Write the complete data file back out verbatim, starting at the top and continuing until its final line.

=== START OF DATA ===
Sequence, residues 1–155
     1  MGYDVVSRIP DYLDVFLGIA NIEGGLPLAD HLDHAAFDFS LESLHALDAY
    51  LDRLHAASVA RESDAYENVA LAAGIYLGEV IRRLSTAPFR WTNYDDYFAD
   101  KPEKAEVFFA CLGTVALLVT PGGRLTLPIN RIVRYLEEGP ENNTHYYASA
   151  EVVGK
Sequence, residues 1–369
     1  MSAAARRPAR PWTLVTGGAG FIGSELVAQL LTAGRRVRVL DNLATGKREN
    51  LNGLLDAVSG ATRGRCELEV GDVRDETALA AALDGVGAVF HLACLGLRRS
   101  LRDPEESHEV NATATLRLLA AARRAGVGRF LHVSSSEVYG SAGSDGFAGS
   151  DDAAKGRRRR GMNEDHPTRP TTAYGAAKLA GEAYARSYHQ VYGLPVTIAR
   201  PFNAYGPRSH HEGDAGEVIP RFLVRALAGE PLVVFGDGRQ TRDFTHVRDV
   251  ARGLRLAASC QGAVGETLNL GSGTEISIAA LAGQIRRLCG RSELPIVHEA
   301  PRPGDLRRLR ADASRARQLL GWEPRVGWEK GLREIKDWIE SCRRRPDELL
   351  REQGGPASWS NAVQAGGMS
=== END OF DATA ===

Sequence, residues 1–155
     1  MGYDVVSRIP DYLDVFLGIA NIEGGLPLAD HLDHAAFDFS LESLHALDAY
    51  LDRLHAASVA RESDAYENVA LAAGIYLGEV IRRLSTAPFR WTNYDDYFAD
   101  KPEKAEVFFA CLGTVALLVT PGGRLTLPIN RIVRYLEEGP ENNTHYYASA
   151  EVVGK
Sequence, residues 1–369
     1  MSAAARRPAR PWTLVTGGAG FIGSELVAQL LTAGRRVRVL DNLATGKREN
    51  LNGLLDAVSG ATRGRCELEV GDVRDETALA AALDGVGAVF HLACLGLRRS
   101  LRDPEESHEV NATATLRLLA AARRAGVGRF LHVSSSEVYG SAGSDGFAGS
   151  DDAAKGRRRR GMNEDHPTRP TTAYGAAKLA GEAYARSYHQ VYGLPVTIAR
   201  PFNAYGPRSH HEGDAGEVIP RFLVRALAGE PLVVFGDGRQ TRDFTHVRDV
   251  ARGLRLAASC QGAVGETLNL GSGTEISIAA LAGQIRRLCG RSELPIVHEA
   301  PRPGDLRRLR ADASRARQLL GWEPRVGWEK GLREIKDWIE SCRRRPDELL
   351  REQGGPASWS NAVQAGGMS